Talking about Minimum Wage

There has been a spate of articles on minimum wage recently. And, given the release of the CBO report on Minimum Wage yesterday, we're likely to see even more. (There have already been several partisan positions taken this morning; but we're not including any of those here.)


Here's the topline: Minimum wage is good for everything from lifting people out of poverty (surprise! pay people and they have money to do things - like eat and go to the doctor), to decreasing criminal recidivism, to preventing suicide. And much, much more.


When our policymakers talk about minimum wage, it is as though they struggle to imagine that anyone is working for the federal minimum wage ($7.25) in spite of the fact that this is the lived reality for more than 27M people in this nation and 29,000 Wyomingites.


When they conjure up a default human for the purposes of discussion, too often it is a 15-year-old boy flipping burgers in a fast food restaurant. But the data paint a different picture. Minimum wage workers are disproportionately women. They are caring for the aged and the infirm. They are cleaning rooms in hotels. They are checking your groceries. They are behind the scenes in myriad ways, large and small, maintaining our economy. They are often vulnerable and rarely unionized. (Though that might be changing which is a story for another post.)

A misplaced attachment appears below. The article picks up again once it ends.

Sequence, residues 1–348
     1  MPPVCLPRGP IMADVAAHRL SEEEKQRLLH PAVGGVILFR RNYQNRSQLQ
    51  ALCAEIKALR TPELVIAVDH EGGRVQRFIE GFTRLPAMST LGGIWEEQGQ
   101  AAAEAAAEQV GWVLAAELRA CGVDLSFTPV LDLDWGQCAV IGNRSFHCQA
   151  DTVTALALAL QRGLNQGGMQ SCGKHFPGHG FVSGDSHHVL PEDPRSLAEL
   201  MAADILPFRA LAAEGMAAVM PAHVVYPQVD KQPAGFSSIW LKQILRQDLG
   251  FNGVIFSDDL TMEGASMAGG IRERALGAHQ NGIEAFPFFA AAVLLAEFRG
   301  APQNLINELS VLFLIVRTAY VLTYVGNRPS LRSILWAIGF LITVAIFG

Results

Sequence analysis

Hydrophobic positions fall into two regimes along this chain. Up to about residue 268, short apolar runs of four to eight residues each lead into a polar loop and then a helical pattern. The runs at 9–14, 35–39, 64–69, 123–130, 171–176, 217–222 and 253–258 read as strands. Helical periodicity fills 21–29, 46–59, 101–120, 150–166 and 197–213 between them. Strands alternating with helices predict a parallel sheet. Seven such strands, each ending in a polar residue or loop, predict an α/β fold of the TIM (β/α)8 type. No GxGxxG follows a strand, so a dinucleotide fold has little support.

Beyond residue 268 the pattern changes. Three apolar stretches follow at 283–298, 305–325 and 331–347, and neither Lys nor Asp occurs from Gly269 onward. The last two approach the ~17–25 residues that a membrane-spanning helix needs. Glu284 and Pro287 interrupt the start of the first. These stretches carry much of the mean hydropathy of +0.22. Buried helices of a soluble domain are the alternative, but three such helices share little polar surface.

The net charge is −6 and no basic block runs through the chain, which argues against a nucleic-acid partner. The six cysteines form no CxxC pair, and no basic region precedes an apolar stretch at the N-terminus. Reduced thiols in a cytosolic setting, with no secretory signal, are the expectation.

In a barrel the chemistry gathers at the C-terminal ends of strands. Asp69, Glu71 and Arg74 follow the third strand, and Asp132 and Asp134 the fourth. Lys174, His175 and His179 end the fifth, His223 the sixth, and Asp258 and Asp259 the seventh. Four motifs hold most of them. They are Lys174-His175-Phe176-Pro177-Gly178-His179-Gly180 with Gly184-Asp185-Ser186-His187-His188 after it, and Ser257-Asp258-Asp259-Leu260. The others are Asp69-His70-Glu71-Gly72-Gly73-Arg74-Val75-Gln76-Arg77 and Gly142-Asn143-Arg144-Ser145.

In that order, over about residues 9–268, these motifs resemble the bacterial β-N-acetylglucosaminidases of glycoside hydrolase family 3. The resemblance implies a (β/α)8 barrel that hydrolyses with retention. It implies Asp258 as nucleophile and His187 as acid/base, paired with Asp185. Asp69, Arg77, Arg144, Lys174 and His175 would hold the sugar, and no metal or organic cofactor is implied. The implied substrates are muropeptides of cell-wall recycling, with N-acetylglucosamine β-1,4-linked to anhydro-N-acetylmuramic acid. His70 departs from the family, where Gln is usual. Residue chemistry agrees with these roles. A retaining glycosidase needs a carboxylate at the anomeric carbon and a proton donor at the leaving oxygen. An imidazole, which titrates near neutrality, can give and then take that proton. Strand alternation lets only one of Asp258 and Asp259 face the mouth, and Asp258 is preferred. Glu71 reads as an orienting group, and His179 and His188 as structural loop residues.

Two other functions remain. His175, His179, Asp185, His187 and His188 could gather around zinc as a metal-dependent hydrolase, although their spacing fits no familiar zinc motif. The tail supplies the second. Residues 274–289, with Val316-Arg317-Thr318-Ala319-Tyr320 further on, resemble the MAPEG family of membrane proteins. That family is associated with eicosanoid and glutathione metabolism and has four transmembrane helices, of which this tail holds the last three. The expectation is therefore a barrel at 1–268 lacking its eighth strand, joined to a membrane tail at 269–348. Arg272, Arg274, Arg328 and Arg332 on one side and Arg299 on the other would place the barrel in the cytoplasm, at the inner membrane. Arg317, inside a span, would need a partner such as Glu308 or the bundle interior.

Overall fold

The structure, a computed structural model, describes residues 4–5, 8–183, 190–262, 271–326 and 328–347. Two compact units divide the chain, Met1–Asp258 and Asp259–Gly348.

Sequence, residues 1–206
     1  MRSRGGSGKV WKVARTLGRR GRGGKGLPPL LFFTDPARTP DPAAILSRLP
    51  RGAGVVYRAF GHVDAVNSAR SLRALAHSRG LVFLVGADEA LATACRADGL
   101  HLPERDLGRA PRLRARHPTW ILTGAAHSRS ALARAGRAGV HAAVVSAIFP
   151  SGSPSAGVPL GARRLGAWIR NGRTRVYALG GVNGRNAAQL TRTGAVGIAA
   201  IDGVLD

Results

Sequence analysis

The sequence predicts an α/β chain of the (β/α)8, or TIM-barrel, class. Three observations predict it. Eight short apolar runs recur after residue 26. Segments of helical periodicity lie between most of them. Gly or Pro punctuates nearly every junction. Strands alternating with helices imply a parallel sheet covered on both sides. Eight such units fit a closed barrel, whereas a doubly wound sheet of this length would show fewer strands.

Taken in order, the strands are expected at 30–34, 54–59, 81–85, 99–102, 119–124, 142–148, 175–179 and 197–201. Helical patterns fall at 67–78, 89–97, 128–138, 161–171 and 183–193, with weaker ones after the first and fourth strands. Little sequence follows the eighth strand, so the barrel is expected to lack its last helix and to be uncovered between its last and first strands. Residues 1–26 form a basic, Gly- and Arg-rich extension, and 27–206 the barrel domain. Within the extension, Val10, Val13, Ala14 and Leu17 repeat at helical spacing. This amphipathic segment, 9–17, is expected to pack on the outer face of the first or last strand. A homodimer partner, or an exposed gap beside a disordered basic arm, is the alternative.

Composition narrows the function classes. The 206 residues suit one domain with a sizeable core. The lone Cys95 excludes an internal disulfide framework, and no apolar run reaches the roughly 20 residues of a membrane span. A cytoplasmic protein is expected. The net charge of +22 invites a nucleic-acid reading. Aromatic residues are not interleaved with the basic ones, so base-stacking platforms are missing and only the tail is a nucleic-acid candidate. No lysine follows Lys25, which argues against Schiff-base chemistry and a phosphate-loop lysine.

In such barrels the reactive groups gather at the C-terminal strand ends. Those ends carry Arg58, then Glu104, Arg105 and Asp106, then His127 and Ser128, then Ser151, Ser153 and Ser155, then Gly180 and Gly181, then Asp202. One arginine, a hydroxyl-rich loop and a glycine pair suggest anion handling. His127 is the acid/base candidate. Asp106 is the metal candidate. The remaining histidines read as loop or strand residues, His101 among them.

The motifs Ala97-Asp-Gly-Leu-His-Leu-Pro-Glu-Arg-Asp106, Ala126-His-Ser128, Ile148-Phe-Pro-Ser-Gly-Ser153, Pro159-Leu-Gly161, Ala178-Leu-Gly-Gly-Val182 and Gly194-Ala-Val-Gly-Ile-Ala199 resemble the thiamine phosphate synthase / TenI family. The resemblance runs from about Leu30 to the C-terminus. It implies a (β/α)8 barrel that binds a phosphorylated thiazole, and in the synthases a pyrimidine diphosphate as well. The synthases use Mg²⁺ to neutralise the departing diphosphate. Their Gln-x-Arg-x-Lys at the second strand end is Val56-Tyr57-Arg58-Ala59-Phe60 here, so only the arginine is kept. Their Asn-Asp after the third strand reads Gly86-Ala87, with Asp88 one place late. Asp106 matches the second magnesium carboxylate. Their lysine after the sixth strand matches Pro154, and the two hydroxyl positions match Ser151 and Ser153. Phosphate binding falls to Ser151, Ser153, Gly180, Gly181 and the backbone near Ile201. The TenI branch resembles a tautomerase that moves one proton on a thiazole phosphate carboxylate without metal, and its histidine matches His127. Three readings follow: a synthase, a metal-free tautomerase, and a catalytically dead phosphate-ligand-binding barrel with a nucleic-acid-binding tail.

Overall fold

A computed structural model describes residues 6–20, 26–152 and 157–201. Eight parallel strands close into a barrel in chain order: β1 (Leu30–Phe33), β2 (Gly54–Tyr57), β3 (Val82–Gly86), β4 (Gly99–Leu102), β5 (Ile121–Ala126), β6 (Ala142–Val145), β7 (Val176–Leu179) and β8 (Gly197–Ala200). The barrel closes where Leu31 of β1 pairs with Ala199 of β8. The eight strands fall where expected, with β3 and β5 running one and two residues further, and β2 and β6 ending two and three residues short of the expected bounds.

The bottom line is that when we look at this issue through a gender lens, suddenly we see what was invisible before. As in so many other cases: Women become visible.


Unfortunately, we don't have a consistent mechanism to ensure that our policymakers and lawmakers and fellow citizens look at issues through a gender lens. As a result, women's labor continues to be undervalued and our opportunities for full engagement in the economy and our communities likewise limited.


Minimum wage is a great example of what happens when you shift your perspective, just a little. Not only does the gender lens enable you to see the full humanity of women who toil for less than a living wage, it also broadens your perspective enough to see what benefits come from raising that wage. Children are more successful, entrepreneurial talent is unleashed, fewer people are imprisoned, fewer people die, everyone benefits.


Small changes make big differences. Small raises can lead to more human flourishing. And raising the minimum wage is as close to a silver bullet as we have.


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Links to articles and studies follow for your reading enjoyment!

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